Increased international trade, and the lowering of barriers to such trade, frequently results in improved international relations, but it can also lead to trade wars and tariff disputes. RAND research explores bilateral and multilateral economic relations; describes how they affect global alliances, globalization, and the economic health of nations; and recommends methods to develop, encourage, and maintain these relations among diverse nations and cultures.
RAND researchers assessed the scale, trends, and composition of China's foreign aid and government-sponsored investment programs in six regions: Africa, Latin America, the Middle East, South Asia, Central Asia, and East Asia.
The United States still has the economic muscle to shape important aspects of the international environment, but high government debt in the future may undermine its economic instruments of power and its ability to influence global conditions through nonmilitary means.
Economic cooperation between Turkey and Iran has increased over the past decade — mainly due to Iran's vast oil and natural gas reserves — but the degree of cooperation between the two nations should not be exaggerated.
Explores the link between economic openness and companies' corporate governance practices in developing countries.
Media and policy sources often cite natural resources as a primary driver of tensions in the South and East China Seas. In reality, the region’s hydrocarbon potential is moderate. Resource issues function primarily as focal points for more powerful underlying drivers of domestic political legitimacy, popular nationalism, and regional order.
China is the controlling producer of 11 raw and semi-finished critical materials and has instituted export restrictions that create pressure to move manufacturing to China. Action is needed to mitigate the impact of such market distortions on the global manufacturing sector.
Despite its impressive size and population, economic vitality, and drive to upgrade its military capabilities, China remains a vulnerable nation surrounded by powerful rivals and potential foes. The key to understanding China's foreign policy is to grasp these geostrategic challenges, which persist even as the country comes to dominate its neighbors.
India and Pakistan each have a stake in influencing developments in Afghanistan and both countries engage in Afghanistan to advance their own respective geopolitical, defense, and economic objectives. However, India has far more to offer.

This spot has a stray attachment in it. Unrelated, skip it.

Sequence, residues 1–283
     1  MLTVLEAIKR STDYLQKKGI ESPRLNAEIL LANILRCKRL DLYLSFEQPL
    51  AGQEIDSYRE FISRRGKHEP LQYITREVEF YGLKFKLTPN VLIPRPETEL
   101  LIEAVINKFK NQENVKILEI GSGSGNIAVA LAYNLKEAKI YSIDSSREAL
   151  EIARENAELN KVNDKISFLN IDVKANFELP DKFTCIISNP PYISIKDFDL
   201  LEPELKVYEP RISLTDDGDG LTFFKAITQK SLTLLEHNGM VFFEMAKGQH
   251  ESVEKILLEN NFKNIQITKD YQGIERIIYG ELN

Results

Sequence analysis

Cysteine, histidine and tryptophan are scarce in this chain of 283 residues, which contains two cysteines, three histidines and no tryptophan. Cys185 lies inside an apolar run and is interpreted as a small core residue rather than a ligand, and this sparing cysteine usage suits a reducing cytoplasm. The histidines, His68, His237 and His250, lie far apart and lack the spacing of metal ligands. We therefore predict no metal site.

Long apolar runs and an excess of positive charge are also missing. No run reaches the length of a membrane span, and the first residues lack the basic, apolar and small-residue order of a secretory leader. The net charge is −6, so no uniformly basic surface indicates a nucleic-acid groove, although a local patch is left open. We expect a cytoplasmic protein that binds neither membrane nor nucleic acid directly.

Turkey aspires to become a key transit state for moving both natural gas and oil from the Caspian region and from the broader Middle East via pipelines crossing its territory. U.S.-Turkish cooperation on energy security issues offers a promising yet modest opportunity to strengthen the bilateral relationship.
The sea lanes that supply Asia's energy needs are already vulnerable to geopolitical concerns and the threat of piracy. One approach to protecting them would be employ multiple U.S. military and government elements; a second would be to promote the capabilities of and cooperation among nations in the region.
This document synthesizes the discussion from a roundtable symposium RAND convened in January 2012 to explore the practical difficulties facing companies in complying with anti-corruption mandates and the challenges of corruption in foreign markets.
The partnership between China and Iran presents challenges to U.S. interests, including dissuading Iran from developing a nuclear weapons capability. An analysis of the factors driving Chinese-Iranian cooperation offers policy options for influencing this partnership to meet U.S. objectives.
Assesses the factors contributing to the decisions by the United States and Japan to join the Trans-Pacific Partnership, and the meaning of those decisions for bilateral cooperation on trade expansion.
This binational reference for U.S. and Mexican policymakers presents the interrelated issues of Mexican immigration to the United States and Mexico's economic and social development.
To improve understanding of China's investment patterns, the authors analyze recent and proposed Chinese investment in companies in the United States, Europe, Asia, and the rest of the world.
To avoid direct military conflict with China, the United States should adopt a parallel strategy that strengthens the defense capabilities of China's neighbors while inviting China into cooperative security endeavors that benefit the interests of both nations.
As India and China continue to grow in prominence, each nation has certain advantages, but neither one is primed to have clear across-the-board competitive advantages over the other.
An assessment of likely demographic and economic challenges in the Arab world through 2020—such as population growth rates and continued global oil production—provides a better-informed platform on which to build U.S. defense planning and policy.
A new survey of Iranian public opinion finds that a majority of respondents oppose the re-establishment of ties with the United States, and a significant number also support the development of nuclear weapons.
Assesses the security and economic policy responses of a representative sample of Asian states to China between 1992 and 2008.